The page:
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Hands on: Samsung Galaxy A50s review

The revisited A50 is here

What is a hands on review?
(Image: © Future)

Early Verdict

Samsung Galaxy A50s doesn’t look like a definitive update to the Galaxy A50 and is more of an incremental upgrade. A large focus here has gone into bringing the 48MP camera to the A-series and we're looking forward to checking it out.

For

  • Feels solid & well-built
  • sAMOLED screen
  • Support for fast-charging
  • 48MP primary camera

Against

  • Fingerprint sensor struggles

Samsung has announced an update to its Galaxy A50 from earlier this year-- the Galaxy A50s which just went on sale. The A50s brings some of the camera features found in the company’s premium phones to the mid-range segment. And there’s a new chipset that powers the phone along with support for Samsung Pay.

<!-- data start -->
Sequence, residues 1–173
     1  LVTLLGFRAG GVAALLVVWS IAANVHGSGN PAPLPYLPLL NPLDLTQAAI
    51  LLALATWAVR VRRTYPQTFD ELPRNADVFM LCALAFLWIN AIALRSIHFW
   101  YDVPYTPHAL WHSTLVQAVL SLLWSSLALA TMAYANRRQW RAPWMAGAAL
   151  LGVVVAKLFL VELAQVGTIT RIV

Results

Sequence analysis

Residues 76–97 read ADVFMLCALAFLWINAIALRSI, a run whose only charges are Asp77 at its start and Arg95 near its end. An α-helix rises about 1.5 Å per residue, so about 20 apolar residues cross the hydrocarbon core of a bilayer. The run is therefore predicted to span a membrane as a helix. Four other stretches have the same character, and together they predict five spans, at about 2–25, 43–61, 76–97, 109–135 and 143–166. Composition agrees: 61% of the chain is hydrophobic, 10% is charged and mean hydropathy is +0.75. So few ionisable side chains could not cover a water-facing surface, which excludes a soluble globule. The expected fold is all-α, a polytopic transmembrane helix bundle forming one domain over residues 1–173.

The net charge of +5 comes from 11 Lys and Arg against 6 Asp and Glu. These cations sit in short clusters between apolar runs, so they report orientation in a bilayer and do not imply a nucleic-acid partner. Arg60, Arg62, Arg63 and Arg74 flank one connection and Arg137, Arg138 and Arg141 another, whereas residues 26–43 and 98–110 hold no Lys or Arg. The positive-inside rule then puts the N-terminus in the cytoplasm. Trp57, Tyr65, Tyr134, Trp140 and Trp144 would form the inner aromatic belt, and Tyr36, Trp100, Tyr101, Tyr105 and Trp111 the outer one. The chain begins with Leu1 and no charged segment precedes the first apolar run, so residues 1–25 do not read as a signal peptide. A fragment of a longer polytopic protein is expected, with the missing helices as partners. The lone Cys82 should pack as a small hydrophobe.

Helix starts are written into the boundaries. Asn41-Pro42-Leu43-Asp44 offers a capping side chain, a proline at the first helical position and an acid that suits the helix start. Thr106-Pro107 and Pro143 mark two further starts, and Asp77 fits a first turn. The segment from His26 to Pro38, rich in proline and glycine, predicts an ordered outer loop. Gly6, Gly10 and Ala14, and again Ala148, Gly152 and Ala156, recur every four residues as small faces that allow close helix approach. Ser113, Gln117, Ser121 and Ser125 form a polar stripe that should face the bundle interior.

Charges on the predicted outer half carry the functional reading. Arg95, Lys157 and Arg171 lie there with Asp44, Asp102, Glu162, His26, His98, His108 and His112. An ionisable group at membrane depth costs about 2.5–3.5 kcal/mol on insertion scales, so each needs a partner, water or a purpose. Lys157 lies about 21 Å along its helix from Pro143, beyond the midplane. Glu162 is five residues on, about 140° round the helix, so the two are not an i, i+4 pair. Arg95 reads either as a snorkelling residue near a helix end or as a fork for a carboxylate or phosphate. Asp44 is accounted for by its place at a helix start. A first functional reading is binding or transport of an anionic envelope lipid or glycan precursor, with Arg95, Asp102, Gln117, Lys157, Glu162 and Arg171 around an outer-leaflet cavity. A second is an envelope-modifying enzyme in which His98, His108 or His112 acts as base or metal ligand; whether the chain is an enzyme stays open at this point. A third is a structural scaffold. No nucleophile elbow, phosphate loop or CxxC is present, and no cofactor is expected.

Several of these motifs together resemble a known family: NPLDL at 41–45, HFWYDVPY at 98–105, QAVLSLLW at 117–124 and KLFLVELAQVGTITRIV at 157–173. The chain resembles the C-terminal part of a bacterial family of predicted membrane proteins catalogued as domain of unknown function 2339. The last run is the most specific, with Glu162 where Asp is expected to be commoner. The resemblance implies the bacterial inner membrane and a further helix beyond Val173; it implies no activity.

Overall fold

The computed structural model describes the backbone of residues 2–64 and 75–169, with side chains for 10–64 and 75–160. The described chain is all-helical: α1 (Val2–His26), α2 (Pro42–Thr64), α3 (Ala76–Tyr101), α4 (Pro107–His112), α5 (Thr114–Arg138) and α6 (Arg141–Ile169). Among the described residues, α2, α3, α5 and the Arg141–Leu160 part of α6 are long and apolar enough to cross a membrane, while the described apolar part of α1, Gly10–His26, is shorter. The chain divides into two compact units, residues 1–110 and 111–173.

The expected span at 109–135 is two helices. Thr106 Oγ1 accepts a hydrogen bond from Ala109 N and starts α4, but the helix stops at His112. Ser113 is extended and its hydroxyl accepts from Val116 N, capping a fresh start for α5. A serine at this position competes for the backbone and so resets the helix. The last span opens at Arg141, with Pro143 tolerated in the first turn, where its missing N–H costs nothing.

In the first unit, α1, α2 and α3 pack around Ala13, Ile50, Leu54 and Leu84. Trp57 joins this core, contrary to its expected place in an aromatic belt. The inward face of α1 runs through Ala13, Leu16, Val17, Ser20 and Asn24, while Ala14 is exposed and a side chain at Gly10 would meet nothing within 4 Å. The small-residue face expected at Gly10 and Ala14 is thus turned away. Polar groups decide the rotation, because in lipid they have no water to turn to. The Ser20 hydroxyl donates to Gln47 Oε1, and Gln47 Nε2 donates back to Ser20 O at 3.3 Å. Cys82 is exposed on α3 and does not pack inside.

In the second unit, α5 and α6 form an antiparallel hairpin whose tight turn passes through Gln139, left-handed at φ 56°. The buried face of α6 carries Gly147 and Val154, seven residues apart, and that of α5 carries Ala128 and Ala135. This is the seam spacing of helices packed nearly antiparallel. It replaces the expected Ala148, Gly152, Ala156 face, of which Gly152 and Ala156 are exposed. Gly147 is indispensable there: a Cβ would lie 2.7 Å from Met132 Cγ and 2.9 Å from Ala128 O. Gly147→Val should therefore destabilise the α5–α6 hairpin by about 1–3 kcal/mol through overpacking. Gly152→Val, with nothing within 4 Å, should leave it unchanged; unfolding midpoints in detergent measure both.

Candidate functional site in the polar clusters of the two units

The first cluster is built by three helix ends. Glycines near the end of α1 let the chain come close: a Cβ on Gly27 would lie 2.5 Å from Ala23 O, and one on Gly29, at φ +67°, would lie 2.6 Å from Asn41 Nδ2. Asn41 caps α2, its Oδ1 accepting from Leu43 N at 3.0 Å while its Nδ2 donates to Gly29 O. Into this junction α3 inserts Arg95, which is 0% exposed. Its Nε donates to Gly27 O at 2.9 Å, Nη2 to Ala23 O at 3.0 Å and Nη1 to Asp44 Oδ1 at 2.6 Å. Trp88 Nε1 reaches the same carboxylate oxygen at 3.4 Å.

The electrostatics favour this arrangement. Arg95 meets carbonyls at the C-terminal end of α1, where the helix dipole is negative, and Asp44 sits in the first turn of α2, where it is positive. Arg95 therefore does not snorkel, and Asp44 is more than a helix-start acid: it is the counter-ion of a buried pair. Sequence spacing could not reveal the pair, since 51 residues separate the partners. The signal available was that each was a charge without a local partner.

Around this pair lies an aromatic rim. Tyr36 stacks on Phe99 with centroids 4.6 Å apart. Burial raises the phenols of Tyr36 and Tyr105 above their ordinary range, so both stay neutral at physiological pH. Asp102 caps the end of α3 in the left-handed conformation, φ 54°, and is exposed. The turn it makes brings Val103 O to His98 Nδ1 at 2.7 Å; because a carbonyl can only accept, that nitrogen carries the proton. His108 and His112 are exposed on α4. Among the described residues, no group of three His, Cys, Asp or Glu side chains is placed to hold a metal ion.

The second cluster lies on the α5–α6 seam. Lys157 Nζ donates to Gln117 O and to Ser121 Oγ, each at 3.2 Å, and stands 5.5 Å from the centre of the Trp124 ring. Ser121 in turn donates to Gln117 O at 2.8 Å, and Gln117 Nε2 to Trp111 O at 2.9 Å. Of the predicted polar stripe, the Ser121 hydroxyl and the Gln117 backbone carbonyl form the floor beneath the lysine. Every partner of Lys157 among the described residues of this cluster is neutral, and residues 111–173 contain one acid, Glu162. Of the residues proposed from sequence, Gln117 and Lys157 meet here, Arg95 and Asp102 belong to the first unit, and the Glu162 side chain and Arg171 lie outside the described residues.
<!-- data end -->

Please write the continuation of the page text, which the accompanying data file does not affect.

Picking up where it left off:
We were highly impressed with the display and build quality of the Galaxy A50 but the cameras left us out asking for more. Likewise, Samsung’s OneUI didn’t feel as polished in regular use which is often a pain point for buyers.

So, does this incremental update bring any distinguishing features to the table or remains just another phone by the South Korean electronics maker? Here are our first impressions of the Samsung Galaxy A50s.

Price and availability

Samsung Galaxy A50s is priced starting at Rs 22,999 with 4GB RAM and 128GB storage. The second variant has 6GB of RAM and 128GB storage to boot, is priced at Rs 24,999.

The phone is available across leading online retailers, Samsung India online shop and Samsung Opera House in Bangalore.

The A50s comes in three colours-- Prism Crush Black, White and Violet. Samsung sent us the Prism Crush Violet colour of the top-end variant (6GB RAM + 128GB) for our review.

Design

(Image credit: Future)

Following the lines of the Galaxy A50, the A50s also features a glossy and reflective coating that produce visually appealing hues of different colours. However, this time the back panel has been tweaked to include a prism-like design which only accentuates the reflective colours.